All sights will be on the Constitutional Reform Committee (CRC). The appointed chairman of the CRC continues to receive support from his peers and the media, but still has opponents from the Hirak movement and civil society activists. On the other hand, the Democratic Alternative, Algeria’s republican current that hopes to topple the new regime, knows well that this is impossible. They should get into the process and participate in local and national elections, and voice their elitist message with a credible leader who can connect with real people.
The regime is also trying to maintain the populist fever that arose in the aftermath of General Ahmed Gaïd Salah’s funeral. The regime continues to underline that there are two camps in Algeria: those who are in favor of the reforms and those who are not. It suggests that today’s politics are not about being a leftist/secularist or a rightist/national-Islamist, but being pro-reform and eventually democratic.
The regime wants to expand the scope of the pro-reform camp and these days criticizes the fragmentation of civil society and leftist political parties through the official media and alleged independent ones for not being active in terms of supporting the new president’s administration and government.
Tebboune's future steps
President Tebboune is planning to build his political road map through the connection with the people and to look for a political partner that might emerge from the Hirak. The vital question for the Hirak is now whether it can grow a more independent voice as demands turn to the socioeconomic.
This is a very risky line since the Hirak has lost enormous momentum in the deep countryside as a result of the military's smart crisis management since Feb. 22, 2019. The Hirak has also lost control of law-and-order operations inside urban areas and outside.
The socioeconomic demands usually are the tasks of the Labor Union (UGTA) that is trying to regain its moral authority after a quarter of a century of the former secretary general ruling the workers' union with an iron fist. The secretary general was one of Bouteflika’s minions. Political and economic reforms were announced in last week’s annual meeting between the president of the republic and the Walis (heads of the 48 Algeria's provinces), encouraging them to be more concerned about people’s demands and fighting local corruption and cronyism. The president also appointed a republic facilitator, who will act as a link between the republic and the people.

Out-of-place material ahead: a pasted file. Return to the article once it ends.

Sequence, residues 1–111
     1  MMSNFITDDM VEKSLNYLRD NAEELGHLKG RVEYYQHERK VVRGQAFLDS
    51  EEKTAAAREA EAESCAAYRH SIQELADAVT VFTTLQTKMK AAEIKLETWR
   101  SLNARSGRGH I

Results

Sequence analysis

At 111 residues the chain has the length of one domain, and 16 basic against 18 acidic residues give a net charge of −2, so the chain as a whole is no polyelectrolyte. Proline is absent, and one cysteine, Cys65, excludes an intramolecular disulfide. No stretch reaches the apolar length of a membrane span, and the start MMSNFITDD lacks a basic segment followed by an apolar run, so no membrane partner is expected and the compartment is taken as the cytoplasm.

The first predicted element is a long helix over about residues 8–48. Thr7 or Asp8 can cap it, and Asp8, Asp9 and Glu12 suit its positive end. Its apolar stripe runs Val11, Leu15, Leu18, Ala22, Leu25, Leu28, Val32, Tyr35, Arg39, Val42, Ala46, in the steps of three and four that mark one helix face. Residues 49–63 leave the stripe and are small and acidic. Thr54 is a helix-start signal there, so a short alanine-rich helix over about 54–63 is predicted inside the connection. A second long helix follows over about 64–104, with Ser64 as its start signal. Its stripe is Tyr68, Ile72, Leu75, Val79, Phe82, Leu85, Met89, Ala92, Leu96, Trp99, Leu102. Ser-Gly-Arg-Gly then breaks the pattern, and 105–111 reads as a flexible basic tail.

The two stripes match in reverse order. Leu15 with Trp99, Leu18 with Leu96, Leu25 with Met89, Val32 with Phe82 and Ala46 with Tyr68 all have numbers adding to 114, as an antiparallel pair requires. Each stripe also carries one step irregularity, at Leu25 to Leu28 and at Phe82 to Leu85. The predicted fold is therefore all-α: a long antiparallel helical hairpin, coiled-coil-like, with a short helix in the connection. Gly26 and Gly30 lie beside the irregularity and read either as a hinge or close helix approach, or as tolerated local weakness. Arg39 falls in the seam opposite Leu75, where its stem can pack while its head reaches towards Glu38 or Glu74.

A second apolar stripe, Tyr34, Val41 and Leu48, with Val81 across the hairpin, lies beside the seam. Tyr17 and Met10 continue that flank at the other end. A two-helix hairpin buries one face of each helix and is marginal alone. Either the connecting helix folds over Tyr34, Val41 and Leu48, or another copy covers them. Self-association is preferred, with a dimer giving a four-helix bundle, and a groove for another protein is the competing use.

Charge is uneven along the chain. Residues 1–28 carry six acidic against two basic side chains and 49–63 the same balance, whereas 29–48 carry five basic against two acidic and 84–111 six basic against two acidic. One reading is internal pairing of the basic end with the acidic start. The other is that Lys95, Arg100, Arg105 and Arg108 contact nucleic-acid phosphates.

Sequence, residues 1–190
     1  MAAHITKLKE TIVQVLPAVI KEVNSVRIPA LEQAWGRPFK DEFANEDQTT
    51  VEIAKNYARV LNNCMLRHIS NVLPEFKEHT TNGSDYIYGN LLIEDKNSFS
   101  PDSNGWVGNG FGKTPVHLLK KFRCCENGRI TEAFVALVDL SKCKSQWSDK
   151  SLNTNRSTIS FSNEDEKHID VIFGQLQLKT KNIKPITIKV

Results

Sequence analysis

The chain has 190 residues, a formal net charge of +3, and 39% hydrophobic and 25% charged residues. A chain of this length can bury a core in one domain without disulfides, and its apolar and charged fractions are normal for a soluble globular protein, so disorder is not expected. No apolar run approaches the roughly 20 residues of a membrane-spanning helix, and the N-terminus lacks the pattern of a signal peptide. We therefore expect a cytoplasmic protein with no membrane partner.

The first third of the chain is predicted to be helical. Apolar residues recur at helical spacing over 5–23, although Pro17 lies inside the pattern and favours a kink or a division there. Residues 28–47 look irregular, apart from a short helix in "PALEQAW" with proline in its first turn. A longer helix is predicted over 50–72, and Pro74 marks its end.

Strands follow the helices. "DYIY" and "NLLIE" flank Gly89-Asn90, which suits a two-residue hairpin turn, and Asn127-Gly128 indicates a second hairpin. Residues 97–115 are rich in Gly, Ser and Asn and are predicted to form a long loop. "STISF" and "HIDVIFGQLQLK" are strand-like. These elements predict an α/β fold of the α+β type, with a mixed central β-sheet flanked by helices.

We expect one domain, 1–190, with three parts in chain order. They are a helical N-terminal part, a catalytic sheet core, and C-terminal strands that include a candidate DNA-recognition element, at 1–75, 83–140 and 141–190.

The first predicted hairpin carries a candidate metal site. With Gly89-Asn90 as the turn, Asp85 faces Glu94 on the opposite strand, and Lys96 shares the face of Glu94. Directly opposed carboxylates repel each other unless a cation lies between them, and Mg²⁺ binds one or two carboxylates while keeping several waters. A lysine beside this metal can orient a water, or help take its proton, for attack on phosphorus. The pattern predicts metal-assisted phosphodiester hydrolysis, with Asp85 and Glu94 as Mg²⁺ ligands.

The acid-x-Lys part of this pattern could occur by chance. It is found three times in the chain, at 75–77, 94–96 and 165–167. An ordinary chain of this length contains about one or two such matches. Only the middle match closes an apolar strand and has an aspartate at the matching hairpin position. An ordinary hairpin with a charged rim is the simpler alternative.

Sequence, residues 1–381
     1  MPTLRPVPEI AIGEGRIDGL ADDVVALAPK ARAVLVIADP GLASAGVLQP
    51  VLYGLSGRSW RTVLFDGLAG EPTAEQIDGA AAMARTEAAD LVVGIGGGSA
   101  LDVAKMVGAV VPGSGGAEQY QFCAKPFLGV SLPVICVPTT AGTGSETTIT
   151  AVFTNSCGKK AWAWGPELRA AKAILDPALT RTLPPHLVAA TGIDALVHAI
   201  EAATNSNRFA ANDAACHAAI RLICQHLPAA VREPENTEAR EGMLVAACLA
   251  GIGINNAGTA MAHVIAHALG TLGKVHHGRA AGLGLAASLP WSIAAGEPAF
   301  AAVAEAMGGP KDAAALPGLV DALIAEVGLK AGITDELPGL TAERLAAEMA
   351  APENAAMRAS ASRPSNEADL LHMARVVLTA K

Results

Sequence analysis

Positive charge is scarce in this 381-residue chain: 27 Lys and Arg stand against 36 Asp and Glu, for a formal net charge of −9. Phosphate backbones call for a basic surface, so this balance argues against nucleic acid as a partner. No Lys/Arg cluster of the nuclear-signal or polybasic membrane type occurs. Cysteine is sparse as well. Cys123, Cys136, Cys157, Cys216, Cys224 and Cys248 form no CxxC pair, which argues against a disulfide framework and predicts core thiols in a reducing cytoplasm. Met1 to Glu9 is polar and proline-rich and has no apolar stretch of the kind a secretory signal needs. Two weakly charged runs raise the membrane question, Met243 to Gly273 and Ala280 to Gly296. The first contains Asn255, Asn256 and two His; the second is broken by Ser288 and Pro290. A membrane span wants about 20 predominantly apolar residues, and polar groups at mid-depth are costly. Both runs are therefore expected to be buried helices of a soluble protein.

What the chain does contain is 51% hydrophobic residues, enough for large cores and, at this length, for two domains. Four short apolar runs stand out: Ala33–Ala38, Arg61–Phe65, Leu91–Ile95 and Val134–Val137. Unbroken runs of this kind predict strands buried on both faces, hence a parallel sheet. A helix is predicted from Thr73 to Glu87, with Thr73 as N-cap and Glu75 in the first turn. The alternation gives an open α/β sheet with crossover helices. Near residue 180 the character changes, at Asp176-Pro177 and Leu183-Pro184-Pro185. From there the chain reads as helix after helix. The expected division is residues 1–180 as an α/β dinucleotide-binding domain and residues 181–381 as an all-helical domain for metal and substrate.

Thus it is hard to suggest that this would bring a new momentum to Algeria’s politics. Time and courage are needed to see the real capacity of the new administration. Some cabinet members are already getting conventional media’s and social media’s intention, i.e., Kamel Rezigue, the commerce minister who it seems is gaining some sympathy from the people for his bold decisions related to their weekly shopping basket (al-Qoffa) on the eve of the holy month of Ramadan.
The fall of The Gang, the demystification of General Toufik and Saïd Bouteflika and more importantly the fall of the mask of fear are big achievements for the millions who took to the streets during the Hirak's first act. People today are still cynical toward politics in general. There is a feeling among the people, such that they are anxious about the return of the regime through the remains of the ex-DRS State (the feared Intelligence Service) and its networks within civil society, local politicians, the business community and media actors.
Without a real opposition, professional media, a sharp elite, connected civil society activists and structured labor unions, Algerians can only get the change that the regime wants. Protesters in the Hirak, however, can hold meetings, sit-ins, conferences and make a yearly celebration of their Hirak, but a real Hirak should take a new track.
* North Africa expert at the Center for Middle Eastern Strategic Studies (ORSAM)